Admittedly the base it is starting from is a fairly low-key one. For example, Germany, one of the world’s leaders, only installed about 4,000 residential PV-plus-storage units in the first year of a support scheme for buyers of lithium-ion based systems. However, as Sam Wilkinson, research manager at IHS pointed out, residential PV in Germany will be more attractive with storage than without by 2016, in his estimation. IHS is certainly not alone in predicting a great leap forward - GTM Research has highlighted the US solar-plus-storage as being close to a "tipping point" in its path to becoming a billion-dollar industry.
“The three key variables that determine whether it’s economical to add energy storage to a residential PV system to increase self-consumption are the value of the feed-in tariff, the expense of buying electricity from the grid, and the cost of energy storage products. And all of these metrics are moving in the right direction,” Wilkinson of IHS said.
4. Canada’s first grid storage system launches in Ontario
With a decent amount of hydroelectric generation and ambitious renewable energy targets, Ontario launched a Long Term Energy Plan in 2013 which mandated the installation of 50MW of storage. This spawned the first grid-connected storage system in the region – a 2MW flywheel hosting rotors, each several thousand kilograms in weight. This project for balancing the output of renewable energy generation goes to show the variety of technologies that energy storage can encompass.
As PV Tech scribe Ben Willis wrote in his article about the project, “…the facility uses a spinning steel flywheel on magnetic bearings to store energy in the form of kinetic motion, rather than chemicals, as are used in battery systems”. The so-called Minto flywheel system will allow Ontario’s Independent Electricity System Operator (IESO) to balance the grid in real time, by matching scheduled generation with actual consumption. Following the installation of the flywheel, in July 33.5MW of other energy storage projects were selected for Ontario, from a range of technologies.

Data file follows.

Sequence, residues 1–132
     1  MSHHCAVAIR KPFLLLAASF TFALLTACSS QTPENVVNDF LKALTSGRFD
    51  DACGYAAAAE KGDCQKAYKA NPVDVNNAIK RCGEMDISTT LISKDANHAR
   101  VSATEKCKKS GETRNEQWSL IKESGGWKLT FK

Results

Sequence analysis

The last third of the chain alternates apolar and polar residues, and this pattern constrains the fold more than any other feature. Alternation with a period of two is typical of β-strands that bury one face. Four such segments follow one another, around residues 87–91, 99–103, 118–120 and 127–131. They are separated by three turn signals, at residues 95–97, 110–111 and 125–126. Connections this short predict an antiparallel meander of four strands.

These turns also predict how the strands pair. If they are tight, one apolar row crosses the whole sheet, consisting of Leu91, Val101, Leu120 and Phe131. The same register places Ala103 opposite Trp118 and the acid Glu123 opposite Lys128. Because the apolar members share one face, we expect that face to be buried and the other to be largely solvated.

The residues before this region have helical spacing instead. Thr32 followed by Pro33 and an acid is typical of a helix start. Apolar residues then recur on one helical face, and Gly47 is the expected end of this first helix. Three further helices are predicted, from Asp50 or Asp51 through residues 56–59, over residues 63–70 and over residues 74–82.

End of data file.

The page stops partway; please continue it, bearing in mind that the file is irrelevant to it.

5. US utility Con Edison chooses storage over billion-dollar substation project
One story that turned heads this year and came in at number five on our list was the news that one US utility could use energy storage to save itself from having to spend as much as US$1 billion on upgrading a transmission substation. Serving the New York area, utility Con Edison has asked for permission to explore using demand management to prevent the need for the costly work. As Dean Frankel of Lux Research later explained in a guest blog for the site, the utility could save as much as US$800 million.
“The demand reduction programme is projected to cost US$200 million, and will include 52MW of demand reduction technologies across utility-owned distribution assets and customer-side resources.”
From a total of that 52MW, Frankel wrote, “Con Edison is seeking to implement 41MW of customer-side demand reduction by 2018 for a total cost of $150 million, and 11MW of utility-owned demand reduction for US$50 million.”
This combination of customer-side reduction with front-of–the-meter measures is intriguing. The specific mix of technologies is yet to be decided but it is particularly interesting to see both types of storage talked about in New York, which has seen far more energy storage action in scales way above the residential so far, for the most part. Although we’re assuming most people were drawn to the story by the astronomical sums of money involved, if we’re being totally honest.
Dr Tim Fox of the UK's Institute of Mechanical Engineering wrote about using renewables and storage to empower farmers in developing countries. Image: wikimedia User: saravask.
We’ve also been lucky to receive guest blog posts from some distinguished experts and industry players. Here’s a quick run-through of three of my favourites among those blogs: